I've noticed recently that people (and organizations) often interchange the policies and standards labels as if there is no difference between them... like those who insist the Web and the Internet are the same. I'm not one for splitting hairs, but in this case, policies are truly not the same as standards and it's important to be clear about the distinction.
A website is never done. Everyone has worked on a project that changed so much after it launched that they no longer wanted it in their portfolio. One way to help those who take over your projects is to produce a style guide.
CNET’s Stylesite for the Technology Department’s Documentation and Training group provides an online resource for writers and trainers. The continuing development of this tool encompasses site development, content creation, and a fluid process of drafting standards. The site observes many of the same rules 'imposed' upon the writers, and offers them a rare opportunity to collaborate with their editor in the production of a manual of style.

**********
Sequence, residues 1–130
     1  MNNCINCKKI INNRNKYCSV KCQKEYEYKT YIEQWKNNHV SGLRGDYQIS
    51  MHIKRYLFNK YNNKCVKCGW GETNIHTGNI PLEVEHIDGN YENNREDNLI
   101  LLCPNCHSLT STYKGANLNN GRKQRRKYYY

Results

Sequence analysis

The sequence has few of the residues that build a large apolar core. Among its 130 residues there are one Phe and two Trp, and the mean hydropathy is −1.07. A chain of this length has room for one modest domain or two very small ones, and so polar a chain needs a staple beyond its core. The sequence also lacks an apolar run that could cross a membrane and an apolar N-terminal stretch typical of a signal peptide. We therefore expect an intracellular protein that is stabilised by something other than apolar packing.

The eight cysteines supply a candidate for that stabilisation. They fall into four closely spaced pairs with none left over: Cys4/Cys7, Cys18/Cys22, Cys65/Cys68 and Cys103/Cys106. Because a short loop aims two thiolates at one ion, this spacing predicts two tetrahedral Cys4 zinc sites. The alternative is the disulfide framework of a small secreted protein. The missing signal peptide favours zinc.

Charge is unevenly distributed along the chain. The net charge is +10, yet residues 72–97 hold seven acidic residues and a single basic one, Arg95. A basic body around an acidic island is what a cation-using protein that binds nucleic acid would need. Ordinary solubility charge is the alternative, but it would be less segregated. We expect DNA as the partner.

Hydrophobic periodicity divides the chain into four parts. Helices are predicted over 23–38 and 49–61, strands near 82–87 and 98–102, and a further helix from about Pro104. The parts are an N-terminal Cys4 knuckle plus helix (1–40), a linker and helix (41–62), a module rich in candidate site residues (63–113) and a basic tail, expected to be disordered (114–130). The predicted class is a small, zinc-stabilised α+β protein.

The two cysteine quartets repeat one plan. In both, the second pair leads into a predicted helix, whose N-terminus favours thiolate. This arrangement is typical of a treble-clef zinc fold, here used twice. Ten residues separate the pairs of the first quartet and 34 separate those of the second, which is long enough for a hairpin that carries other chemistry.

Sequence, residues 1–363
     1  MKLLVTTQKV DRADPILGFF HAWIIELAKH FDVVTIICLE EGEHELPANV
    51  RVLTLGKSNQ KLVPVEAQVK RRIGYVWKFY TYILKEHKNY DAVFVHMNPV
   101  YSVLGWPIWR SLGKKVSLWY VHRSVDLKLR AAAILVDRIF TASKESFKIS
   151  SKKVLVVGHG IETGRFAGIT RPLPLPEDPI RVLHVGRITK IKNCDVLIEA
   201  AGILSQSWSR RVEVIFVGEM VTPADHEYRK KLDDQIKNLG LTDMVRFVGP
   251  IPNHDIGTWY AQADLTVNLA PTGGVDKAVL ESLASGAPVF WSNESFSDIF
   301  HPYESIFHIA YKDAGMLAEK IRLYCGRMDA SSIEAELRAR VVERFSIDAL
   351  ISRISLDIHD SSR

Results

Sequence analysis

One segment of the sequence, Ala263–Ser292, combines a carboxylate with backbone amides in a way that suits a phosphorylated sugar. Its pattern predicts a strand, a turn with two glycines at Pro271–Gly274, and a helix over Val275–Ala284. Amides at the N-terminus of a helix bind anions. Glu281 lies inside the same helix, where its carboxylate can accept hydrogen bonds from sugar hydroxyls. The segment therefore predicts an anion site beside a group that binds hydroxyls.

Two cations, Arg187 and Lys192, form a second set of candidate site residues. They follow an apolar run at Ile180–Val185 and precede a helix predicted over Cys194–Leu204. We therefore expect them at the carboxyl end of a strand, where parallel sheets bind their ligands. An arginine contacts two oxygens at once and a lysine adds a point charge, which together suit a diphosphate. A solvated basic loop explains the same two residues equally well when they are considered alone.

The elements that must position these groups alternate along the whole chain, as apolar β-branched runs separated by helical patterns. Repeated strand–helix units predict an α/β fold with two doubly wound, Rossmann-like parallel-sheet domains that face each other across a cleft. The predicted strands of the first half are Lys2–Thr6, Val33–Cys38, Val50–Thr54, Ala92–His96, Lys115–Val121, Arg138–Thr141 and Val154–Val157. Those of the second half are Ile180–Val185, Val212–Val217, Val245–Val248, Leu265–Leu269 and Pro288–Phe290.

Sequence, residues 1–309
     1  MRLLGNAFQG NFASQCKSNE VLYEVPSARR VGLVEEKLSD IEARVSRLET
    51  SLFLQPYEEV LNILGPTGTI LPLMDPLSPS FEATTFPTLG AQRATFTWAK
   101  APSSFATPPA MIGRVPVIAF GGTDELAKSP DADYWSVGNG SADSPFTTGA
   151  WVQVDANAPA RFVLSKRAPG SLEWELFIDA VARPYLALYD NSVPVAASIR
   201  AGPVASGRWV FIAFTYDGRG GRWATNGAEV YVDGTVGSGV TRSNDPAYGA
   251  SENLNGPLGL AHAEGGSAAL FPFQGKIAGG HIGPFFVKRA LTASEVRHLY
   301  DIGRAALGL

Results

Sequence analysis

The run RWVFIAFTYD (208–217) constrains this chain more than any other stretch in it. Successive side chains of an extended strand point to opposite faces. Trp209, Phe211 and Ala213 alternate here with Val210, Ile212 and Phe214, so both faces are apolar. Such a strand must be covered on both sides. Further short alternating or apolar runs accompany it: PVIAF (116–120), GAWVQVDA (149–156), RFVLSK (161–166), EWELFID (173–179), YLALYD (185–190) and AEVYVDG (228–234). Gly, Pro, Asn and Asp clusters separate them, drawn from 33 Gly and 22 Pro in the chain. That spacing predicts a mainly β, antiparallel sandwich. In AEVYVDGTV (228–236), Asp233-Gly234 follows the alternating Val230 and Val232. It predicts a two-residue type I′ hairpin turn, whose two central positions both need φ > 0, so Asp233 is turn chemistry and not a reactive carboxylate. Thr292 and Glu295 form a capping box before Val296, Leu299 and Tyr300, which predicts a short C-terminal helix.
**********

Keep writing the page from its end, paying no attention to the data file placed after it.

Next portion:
Technical Communicators are eminently qualified for Web publishing as it is a natural extension of our writing abilities. However, we must be careful to avoid the pitfalls of Web publishing and contribute to the host of glamorous Web sites that lack content, are difficult to navigate, and do not satisfy the ultimate goals of the organization or institution the site represents. One proven technique for planning and implementing a Web site is the creation of a WWW Development Design Document. By championing the development of this document, communicators return to their knowledge roots of organization and writing.